### Polar Coordinate Investigation Using Wolfram Alpha (help needed see bottom)

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In my summer school PreCalculus class today we continued our discussion of Polar Coordinates.  I began the class by asking the students to draw the graph of:

r = 2sin(θ)+2 by hand.  Their gaph should have looked like this:

We discussed the process of translating between rectangular coordinates and polar coordinates when a student asked “can we just transform the entire function?”  This led to a geeky, yet exciting, hour discussion and investigation.

First, we simplified the problem by dropping the “+2” from r = 2sin(θ)+2 (don’t worry we’ll go back to it…).  So we algebraically converted the equation r = 2sin(θ) into rectangular coordinates (x and y).  After substituting the conversions in (y=rsin(θ) and r2 =x2+y2), the algebra cleans up nicely by completing the square and a circle with center (0,1) and radius of 1 emerges.  After half the class had already plugged the polar coordinate equation into their calculator, we all agreed that this process worked for r=2sinθ, but what about r = 2sin(θ)+2?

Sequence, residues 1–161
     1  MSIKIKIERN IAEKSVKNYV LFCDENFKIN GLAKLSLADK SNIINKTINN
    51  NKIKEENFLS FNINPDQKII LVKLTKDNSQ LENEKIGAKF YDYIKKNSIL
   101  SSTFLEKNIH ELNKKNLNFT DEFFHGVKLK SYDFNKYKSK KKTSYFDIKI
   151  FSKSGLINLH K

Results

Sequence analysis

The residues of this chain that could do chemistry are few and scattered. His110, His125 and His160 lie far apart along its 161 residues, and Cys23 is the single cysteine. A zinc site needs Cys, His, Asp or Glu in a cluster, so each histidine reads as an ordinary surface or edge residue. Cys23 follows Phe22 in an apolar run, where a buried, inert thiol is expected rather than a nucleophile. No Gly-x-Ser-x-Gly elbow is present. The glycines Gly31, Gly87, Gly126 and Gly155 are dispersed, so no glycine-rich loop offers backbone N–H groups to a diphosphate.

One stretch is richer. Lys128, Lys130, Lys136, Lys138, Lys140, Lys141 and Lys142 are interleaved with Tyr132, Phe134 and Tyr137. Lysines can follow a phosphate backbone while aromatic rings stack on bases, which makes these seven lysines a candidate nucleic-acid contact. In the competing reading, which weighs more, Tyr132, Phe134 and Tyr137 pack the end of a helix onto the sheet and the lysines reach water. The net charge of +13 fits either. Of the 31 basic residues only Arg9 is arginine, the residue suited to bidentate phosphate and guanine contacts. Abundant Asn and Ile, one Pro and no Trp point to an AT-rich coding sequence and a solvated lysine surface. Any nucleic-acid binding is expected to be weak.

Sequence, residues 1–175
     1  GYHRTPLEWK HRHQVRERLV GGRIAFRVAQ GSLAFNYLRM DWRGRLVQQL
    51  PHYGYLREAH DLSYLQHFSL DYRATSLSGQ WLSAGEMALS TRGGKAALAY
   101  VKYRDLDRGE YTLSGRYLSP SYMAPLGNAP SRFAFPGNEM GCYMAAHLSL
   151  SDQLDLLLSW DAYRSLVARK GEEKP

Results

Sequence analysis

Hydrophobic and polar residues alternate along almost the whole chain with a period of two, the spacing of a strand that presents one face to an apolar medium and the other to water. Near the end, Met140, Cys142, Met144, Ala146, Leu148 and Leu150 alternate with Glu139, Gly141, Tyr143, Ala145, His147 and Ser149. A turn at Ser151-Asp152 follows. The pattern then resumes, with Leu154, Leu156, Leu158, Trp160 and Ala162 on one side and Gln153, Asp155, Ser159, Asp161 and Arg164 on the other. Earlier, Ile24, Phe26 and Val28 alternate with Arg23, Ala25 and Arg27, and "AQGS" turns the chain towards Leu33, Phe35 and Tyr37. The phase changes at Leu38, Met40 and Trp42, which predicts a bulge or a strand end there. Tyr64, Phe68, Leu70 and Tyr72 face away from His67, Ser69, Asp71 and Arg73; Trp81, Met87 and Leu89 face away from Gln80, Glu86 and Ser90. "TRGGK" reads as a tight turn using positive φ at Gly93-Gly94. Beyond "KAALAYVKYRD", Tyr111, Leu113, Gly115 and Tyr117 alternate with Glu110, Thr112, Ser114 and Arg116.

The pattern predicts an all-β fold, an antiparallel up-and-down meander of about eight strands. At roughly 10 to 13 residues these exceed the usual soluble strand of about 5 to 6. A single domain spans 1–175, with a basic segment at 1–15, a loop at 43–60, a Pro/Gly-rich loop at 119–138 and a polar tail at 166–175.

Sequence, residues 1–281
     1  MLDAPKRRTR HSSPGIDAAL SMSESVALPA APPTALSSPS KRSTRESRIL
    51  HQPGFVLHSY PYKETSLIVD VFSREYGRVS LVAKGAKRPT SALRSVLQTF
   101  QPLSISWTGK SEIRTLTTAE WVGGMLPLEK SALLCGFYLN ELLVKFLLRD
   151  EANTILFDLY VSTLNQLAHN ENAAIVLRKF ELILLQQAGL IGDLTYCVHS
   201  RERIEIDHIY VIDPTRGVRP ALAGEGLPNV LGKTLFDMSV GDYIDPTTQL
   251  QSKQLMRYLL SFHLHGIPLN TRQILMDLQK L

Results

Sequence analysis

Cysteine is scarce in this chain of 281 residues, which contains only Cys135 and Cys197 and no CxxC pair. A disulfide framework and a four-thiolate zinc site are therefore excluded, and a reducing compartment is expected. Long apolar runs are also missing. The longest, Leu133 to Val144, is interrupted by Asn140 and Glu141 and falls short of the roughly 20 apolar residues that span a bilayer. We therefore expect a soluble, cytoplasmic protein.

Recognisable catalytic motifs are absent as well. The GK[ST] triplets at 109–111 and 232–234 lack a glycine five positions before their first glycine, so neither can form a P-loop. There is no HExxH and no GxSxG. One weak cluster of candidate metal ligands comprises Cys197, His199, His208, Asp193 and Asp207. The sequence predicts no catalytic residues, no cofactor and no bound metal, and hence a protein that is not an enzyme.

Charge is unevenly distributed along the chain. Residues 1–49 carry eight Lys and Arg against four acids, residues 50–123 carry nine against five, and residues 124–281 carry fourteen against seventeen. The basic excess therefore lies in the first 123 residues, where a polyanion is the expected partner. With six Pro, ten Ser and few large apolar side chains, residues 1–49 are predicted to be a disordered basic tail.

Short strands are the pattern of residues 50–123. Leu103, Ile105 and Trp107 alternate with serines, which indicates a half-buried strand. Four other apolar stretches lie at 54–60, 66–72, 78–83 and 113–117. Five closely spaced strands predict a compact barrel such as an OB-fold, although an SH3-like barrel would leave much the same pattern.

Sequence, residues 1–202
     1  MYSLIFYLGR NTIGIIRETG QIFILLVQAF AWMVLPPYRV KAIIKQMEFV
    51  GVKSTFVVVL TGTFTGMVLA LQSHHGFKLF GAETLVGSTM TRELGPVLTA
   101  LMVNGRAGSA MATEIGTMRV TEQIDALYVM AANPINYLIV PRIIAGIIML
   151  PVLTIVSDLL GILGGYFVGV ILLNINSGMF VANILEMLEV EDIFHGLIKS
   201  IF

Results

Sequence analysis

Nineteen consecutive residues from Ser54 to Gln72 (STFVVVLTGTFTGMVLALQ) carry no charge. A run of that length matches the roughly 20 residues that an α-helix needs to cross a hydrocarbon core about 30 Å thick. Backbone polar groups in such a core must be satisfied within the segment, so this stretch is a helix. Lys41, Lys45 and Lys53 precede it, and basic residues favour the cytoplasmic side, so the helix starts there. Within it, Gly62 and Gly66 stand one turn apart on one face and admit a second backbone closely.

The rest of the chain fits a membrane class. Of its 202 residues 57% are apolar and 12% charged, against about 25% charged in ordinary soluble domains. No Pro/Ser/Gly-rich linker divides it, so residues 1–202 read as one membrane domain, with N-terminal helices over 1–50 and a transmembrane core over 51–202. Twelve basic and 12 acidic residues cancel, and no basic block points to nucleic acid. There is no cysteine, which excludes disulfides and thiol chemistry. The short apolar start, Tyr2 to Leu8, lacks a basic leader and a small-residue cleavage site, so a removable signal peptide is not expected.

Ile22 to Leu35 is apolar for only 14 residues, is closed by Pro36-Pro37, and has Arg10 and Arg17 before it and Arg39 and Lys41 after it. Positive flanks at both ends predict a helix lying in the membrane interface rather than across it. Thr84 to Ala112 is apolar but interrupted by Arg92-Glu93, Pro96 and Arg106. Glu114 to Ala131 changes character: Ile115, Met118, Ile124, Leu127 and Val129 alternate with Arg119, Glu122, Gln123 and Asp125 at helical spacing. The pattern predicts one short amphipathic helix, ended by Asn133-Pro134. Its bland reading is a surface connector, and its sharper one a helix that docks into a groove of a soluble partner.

The algebra was messy at best (plus I erased the final x,y equation before I was able to plug it into wolfram alpha), but here wass our equation:

Here’s the input into Wolfram Alpha: graph y=2sin^2(aCos(x/(sqrt(x^2+y^2))))+2sin(aCos((x/(sqrt(x^2+y^2))))

Anyway, here was the graph Wolfram Alpha spit out:

Where’s the bottom!!!!

So, in our equation, to find the angle of the polar coordinate in terms of x and y, we had to use inverse cosine, whose range is only zero to pi.  In order to get the bottom, we needed angles from pi to 2pi.  To find that, we had to shift our cosine by pi; that is, we had to add pi to each of the angles:

Wolfram Alpha input: graph y=2sin^2(aCos(x/(sqrt(x^2+y^2)))+pi)+2sin(aCos(x/(sqrt(x^2+y^2)))+pi)

Wolfram Alpha output:

Yay, the bottom.

But how do we get both?  A simple google search (remember this is the middle of class and my computer’s monitor is projected to the entire class, so a little bit of a gamble… good thing Wolfram Alpha isn’t a subsidary of GoDaddy!) landed me on this blog: Gower’s.  Somewhere in the comments, I found that a simple comma would allow my to graph both equations together, so i input the following into Wolfram Alpha:

graph y=2sin^2(aCos(x/(sqrt(x^2+y^2))))+2sin(aCos(x/(sqrt(x^2+y^2)))), y=2sin^2(aCos(x/(sqrt(x^2+y^2)))+pi)+2sin(aCos(x/(sqrt(x^2+y^2)))+pi)

Wolfram Alpha thought for awhile, and returned nothing.

PLEASE HELP US if you know how to get wolfram alpha to graph two intense equations. (note: I can graph two simple graphs:  input:   graph y=2x,y=x^2)